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NCJ Number: 204617 Find in a Library
Title: Beyond Community: Reactions to Crime and Disorder Among Inner-City Residents
Journal: Criminology  Volume:41  Issue:3  Dated:August 2003  Pages:779-812
Author(s): Irene Carvalho; Dan A. Lewis
Editor(s): Robert J. Bursik Jr.
Date Published: August 2003
Page Count: 34
Type: Report (Study/Research)
Format: Article
Language: English
Country: United States of America
Annotation: This study, which is a part of the Illinois Families Study (IFS), examined the absence of fear in communities where crime and related problems are prevalent and the processes behind reactions to crime for urban welfare recipients.
Abstract: Little is known or understood about the absence of fear, especially when crime and related problems are prevalent, as well as the processes behind reactions to crime. In order to better understand reactions to crime, the study focused on urban welfare recipients, a group composed mostly of poor minorities and women, who are usually considered quite fearful. The attempt was to provide an understanding of how fear of crime influenced compliance with welfare requirements to work. The study was part of a broader project called the Illinois Families Study (IFS), which followed the same families of welfare recipients over a 6-year period. The IFS attempts to gain knowledge on welfare recipients’ workforce attachment, barriers to employment, neighborhood conditions, and economic status, as well as other aspects. Field observations and in-depth interviews were used in Chicago to situate fear of crime within the contexts of everyday life of welfare recipients and to inspect the ways in which they experience crime and related problems. From the interviews, two reactions emerged: a reaction of safety or no fear and other reactions which included anger, revolt, or irritation. Study results indicate that crime and incivilities do not always raise fear, even in inner-city, high-disorder communities. Fear is not always of crime. In this study, a sense of safety, not fear, was the prevalent reaction to neighborhood disorder/crime. With this sense of safety, crime/incivilities were not central to individual life, rather secondary. This analysis suggests that, in general, local crime/disorder may not constitute severe impediments to employment, as respondents do not seem to be “prisoners” of their homes, just taking precautions. The processes underlying these reactions are presented and discussed. References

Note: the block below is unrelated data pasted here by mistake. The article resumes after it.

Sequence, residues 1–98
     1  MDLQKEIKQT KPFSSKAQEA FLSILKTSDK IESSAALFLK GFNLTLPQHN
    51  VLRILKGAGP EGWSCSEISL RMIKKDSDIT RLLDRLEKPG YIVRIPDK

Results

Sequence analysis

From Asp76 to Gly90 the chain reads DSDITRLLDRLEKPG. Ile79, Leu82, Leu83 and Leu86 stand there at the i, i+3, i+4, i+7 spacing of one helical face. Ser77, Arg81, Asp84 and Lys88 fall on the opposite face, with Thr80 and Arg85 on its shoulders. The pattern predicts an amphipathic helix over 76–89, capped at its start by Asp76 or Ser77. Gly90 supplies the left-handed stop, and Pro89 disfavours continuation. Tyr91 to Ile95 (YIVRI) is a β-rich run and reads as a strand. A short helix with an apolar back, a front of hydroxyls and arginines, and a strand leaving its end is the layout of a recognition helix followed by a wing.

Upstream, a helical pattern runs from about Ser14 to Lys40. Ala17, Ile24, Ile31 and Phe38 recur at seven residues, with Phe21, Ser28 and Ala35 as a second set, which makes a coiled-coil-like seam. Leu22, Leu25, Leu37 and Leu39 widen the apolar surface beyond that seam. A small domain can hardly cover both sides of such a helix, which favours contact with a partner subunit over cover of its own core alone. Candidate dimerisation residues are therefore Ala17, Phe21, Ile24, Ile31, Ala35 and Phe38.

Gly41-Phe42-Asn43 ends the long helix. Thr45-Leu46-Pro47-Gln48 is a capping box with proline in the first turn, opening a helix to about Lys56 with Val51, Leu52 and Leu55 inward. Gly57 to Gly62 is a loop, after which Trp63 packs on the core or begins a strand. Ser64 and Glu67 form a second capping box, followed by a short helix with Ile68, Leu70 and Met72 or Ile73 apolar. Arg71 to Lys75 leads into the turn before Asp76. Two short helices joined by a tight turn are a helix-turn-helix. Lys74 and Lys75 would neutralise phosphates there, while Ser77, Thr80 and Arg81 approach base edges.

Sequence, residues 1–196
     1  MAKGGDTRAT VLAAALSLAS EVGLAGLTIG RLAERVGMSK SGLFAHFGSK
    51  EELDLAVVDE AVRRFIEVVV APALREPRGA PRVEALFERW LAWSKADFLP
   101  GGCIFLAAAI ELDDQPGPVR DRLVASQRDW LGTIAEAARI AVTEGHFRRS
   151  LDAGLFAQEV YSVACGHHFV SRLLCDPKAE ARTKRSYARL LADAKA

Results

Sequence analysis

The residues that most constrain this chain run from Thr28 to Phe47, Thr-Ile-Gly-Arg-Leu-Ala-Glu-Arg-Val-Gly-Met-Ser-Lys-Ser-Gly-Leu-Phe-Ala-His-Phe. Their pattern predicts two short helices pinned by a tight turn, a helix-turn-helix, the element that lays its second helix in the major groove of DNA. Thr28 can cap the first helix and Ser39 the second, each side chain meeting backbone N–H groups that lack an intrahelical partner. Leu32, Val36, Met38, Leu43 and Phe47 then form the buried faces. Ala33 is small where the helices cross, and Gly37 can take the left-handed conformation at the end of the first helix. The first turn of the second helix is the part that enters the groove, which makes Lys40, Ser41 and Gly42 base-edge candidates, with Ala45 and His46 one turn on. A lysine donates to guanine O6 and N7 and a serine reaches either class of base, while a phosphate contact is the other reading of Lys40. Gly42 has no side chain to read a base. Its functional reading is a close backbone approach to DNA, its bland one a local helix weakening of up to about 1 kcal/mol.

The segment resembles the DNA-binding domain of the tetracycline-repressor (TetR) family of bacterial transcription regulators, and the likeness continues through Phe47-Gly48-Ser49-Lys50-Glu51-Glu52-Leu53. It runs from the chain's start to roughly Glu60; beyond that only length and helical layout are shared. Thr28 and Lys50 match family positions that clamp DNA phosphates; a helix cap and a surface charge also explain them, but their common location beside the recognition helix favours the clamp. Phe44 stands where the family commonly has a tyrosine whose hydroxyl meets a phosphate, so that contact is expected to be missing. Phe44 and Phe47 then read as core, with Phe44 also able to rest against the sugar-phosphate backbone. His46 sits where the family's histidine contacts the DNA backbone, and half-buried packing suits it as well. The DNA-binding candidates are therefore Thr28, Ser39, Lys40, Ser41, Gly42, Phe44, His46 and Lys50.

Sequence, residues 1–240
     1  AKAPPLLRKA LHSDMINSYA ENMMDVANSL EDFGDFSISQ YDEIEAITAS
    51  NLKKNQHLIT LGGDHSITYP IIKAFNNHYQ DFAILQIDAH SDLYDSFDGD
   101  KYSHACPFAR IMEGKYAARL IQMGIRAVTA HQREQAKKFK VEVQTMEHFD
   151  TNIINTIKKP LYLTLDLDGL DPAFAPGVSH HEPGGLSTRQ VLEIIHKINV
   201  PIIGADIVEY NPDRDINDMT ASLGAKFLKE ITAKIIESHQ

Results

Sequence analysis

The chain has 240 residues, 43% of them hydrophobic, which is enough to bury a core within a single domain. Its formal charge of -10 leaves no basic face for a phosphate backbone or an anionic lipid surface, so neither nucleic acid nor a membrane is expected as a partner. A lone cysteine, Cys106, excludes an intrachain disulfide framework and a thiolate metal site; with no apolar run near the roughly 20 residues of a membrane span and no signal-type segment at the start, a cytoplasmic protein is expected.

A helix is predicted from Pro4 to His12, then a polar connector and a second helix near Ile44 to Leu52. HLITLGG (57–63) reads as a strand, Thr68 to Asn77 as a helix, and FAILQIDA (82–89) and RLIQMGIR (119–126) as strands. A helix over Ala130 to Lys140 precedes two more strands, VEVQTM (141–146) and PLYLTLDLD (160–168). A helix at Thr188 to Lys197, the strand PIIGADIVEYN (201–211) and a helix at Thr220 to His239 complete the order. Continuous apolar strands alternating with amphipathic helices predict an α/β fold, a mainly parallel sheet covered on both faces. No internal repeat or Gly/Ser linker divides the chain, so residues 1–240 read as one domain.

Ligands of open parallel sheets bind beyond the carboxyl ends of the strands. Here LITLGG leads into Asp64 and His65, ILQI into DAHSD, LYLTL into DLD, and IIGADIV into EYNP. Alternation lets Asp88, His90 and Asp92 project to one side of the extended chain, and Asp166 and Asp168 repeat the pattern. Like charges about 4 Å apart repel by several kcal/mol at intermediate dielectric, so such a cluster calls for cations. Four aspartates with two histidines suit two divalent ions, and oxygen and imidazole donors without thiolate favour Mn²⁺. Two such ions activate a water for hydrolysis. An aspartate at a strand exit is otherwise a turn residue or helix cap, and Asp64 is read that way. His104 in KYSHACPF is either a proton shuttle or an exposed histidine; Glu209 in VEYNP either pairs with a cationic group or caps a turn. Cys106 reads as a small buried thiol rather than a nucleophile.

Main Term(s): Reactions to crime
Index Term(s): Citizen reactions to crime; Fear of crime; Ghettos; Public Opinion of Crime; Urban area studies; Urban criminality
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